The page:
The Holy Cow

It was in 1968 that the Malayalee and English writer and poet Kamala Das wrote a short story named ‘The Holy Cow’. Almost 50 years ahead, it reads out like a newspaper clipping of 2017.
 
Translated from Malayalam by K. Satchidanandan
 
One day a little boy picked up a banana peel from a garbage bin on the road. While he was eating it, a cow snatched it from his hands. The boy felt sad; he pushed the beast away. The cow ran along the street, mooing aloud. Some mendicants suddenly turned up from nowhere.
“Did you hurt the holy cow?” they asked the boy.
“I didn’t. I only chased it away because it snatched the banana peel I was eating.”
“What is your religion?” asked the mendicants.
“Religion? What’s that?” asked the boy.
“Are you Hindu or Muslim? Or Christian? Do you go to the temple or to the mosque?”
“I don’t go to any of them,” the boy replied.
“So you don’t believe in prayer?”
“I don’t go anywhere. I have no shirt. My trousers are torn at the back.”
The mendicants whispered among themselves, then turned to the boy.
“You must be Muslim. You hurt the cow.”
“Is that cow yours?” asked the boy.
The mendicants wrung the boy’s neck and threw him into the garbage bin.
Then they chanted together, “Om nama shivaya. Let thy holy name be praised.”
What has changed in these 50 years and what are the derivatives to measure progress?
In an interview at a University, I was asked why I was interested in Literature? The simplest answer that I could give was mostly about the relevance literature has to the contemporary times, regardless of the century or the decade it was written in. And today, this very relevance is pinching like needles in my consciousness. Countless have been burned or buried in the name of ideologies, but no lesson has been learnt. What significance must an animal hold in our religion that we place it above a human being. If seeing educated adults justify this barbaric atrocity wasn’t enough, imagine my shock and disbelief when I heard children giggle about another “pig’s death” and refer to “Gau-Mata being saved” in their afternoon games. Has the violence associated with this act been too normalized in our society that its another game the children will now play?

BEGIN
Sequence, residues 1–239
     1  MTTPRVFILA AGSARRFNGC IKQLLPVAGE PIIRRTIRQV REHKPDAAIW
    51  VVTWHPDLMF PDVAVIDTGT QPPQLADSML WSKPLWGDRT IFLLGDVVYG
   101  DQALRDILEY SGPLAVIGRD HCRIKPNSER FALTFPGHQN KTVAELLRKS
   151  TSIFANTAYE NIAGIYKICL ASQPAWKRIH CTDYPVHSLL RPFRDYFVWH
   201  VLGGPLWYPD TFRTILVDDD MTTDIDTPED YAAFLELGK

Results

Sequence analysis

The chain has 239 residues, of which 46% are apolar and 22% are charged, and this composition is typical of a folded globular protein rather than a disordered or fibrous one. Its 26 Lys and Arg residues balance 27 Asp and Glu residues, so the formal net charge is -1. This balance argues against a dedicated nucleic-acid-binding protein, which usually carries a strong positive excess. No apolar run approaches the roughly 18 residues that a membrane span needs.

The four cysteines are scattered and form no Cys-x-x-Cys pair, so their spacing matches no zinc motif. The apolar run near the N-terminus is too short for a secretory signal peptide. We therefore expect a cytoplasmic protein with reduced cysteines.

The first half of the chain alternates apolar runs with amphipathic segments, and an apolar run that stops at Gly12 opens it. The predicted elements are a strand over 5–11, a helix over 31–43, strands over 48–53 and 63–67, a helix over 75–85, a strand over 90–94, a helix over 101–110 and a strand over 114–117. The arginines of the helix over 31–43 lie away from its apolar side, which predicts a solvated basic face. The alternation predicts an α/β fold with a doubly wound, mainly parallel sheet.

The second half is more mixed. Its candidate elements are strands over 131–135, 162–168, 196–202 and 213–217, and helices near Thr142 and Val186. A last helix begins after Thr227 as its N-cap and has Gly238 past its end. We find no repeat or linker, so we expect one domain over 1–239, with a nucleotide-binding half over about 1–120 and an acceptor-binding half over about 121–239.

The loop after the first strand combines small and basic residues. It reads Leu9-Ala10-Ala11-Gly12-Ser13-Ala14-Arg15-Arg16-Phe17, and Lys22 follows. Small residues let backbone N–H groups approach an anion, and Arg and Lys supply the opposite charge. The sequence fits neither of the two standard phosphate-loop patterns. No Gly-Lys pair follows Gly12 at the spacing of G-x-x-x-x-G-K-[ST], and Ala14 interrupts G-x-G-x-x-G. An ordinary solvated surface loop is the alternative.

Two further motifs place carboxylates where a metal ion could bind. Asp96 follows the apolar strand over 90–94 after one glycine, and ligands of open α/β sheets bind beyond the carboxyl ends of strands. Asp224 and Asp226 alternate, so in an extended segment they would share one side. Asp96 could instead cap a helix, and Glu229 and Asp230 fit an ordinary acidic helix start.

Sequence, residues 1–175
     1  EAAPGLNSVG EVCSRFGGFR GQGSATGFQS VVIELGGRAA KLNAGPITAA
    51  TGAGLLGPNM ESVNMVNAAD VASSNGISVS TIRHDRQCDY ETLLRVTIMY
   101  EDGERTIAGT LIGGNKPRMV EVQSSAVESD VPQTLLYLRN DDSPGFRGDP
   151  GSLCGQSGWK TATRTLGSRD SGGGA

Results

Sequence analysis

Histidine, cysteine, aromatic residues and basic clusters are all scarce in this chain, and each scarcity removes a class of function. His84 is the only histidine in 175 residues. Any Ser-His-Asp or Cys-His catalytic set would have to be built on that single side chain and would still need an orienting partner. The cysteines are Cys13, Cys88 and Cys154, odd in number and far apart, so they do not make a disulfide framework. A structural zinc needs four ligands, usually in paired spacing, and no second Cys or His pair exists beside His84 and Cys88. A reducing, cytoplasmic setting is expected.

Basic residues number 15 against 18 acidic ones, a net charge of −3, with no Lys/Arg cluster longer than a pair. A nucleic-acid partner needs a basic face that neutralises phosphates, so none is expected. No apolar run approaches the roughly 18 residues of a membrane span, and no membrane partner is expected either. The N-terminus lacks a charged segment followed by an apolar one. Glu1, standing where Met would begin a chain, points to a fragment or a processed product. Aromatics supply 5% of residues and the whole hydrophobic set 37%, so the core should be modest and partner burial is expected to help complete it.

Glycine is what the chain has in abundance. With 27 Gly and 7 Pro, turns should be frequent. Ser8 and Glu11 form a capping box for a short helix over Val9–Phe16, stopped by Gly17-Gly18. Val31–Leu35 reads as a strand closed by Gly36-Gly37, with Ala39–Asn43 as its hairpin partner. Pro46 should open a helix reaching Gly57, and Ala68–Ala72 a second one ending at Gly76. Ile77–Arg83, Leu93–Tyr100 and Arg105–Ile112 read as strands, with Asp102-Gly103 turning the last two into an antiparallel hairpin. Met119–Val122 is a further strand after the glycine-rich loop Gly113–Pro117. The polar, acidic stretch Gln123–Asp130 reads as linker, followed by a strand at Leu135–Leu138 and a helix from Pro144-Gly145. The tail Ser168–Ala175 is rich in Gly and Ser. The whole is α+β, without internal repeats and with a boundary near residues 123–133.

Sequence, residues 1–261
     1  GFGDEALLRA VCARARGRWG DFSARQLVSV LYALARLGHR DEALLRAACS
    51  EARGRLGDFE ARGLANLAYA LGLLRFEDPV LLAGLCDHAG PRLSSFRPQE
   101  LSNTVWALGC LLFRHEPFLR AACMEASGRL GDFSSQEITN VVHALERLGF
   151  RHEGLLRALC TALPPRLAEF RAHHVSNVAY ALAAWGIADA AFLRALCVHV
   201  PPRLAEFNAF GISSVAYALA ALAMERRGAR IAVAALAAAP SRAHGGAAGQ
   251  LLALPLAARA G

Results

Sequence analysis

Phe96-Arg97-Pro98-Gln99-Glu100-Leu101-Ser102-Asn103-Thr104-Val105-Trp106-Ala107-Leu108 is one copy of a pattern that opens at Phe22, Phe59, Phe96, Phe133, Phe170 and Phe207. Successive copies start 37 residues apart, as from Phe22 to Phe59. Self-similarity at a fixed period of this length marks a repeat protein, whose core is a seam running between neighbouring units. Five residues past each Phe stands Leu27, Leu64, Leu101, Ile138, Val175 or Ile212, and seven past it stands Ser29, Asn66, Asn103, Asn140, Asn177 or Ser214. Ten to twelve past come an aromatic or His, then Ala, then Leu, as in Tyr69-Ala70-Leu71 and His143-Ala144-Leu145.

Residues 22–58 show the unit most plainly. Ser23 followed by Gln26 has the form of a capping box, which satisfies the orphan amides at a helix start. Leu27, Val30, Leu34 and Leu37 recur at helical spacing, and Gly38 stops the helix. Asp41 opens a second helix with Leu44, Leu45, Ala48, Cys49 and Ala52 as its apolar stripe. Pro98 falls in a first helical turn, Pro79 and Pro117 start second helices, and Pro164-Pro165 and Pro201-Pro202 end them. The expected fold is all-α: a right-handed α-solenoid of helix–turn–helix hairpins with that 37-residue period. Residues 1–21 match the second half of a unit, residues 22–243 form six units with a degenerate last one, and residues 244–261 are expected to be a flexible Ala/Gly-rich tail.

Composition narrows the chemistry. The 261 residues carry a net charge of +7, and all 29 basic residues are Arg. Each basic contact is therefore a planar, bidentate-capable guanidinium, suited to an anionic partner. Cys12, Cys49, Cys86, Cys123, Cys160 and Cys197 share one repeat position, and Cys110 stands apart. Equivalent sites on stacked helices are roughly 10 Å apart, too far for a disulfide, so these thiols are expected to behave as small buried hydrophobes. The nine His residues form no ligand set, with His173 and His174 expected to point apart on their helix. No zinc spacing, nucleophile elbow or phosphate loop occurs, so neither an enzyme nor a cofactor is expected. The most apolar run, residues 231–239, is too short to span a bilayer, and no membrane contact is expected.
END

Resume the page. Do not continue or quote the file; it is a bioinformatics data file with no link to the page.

Its of significance that the boy in the story is from an impoverished background, indicating his position at the far end of the power struggle. The banana peel left at his disposal is from a fruit that many like him do not consume. The cow has been personified by its very act of ‘snatched it from his hands.’ The implication of the ‘beast’ is to establish a morality to this story, where by the cow renders itself at the very end of the moral compass, however ahead of the vigilantes only, who hunt the boy at the end. The conversation establishes the fact that it is in fact the supposed religion of the boy that is a problem. The clothes on the boy or the lack of it, are the evidence enough to establish his crime. The trial only lasts a few whispers and the neck is wrung like a chicken being butchered. The boy is flung into the garbage bin, exactly where he sought refuge from his hunger, in turn extinguishing the thirst (of blood) of the mendicants.

Chetna

Its a still morning

my eyes are groggy

but the air feels cool on my skin

a woman in red is holding my palms

TIGHTLY

on top of hers

ughhhhh

“I am sick of paisleys”, I tell her

but its too late

the colour is s l o w l y creeping into my veins

grabbing at my heart

His name adorns them

hidden somewhere between the folds of my life lines

I haven’t bothered to look-

“Has your man learnt his a-b-c’s?”

-I haven’t bothered to look

exactly where I am being branded

as if His new school notebook.

 

 

 

‘Chetna’ is a Hindi word which means consciousness. It is also a name given to girls in India. Many such girls are still married off at a young age in this day and age.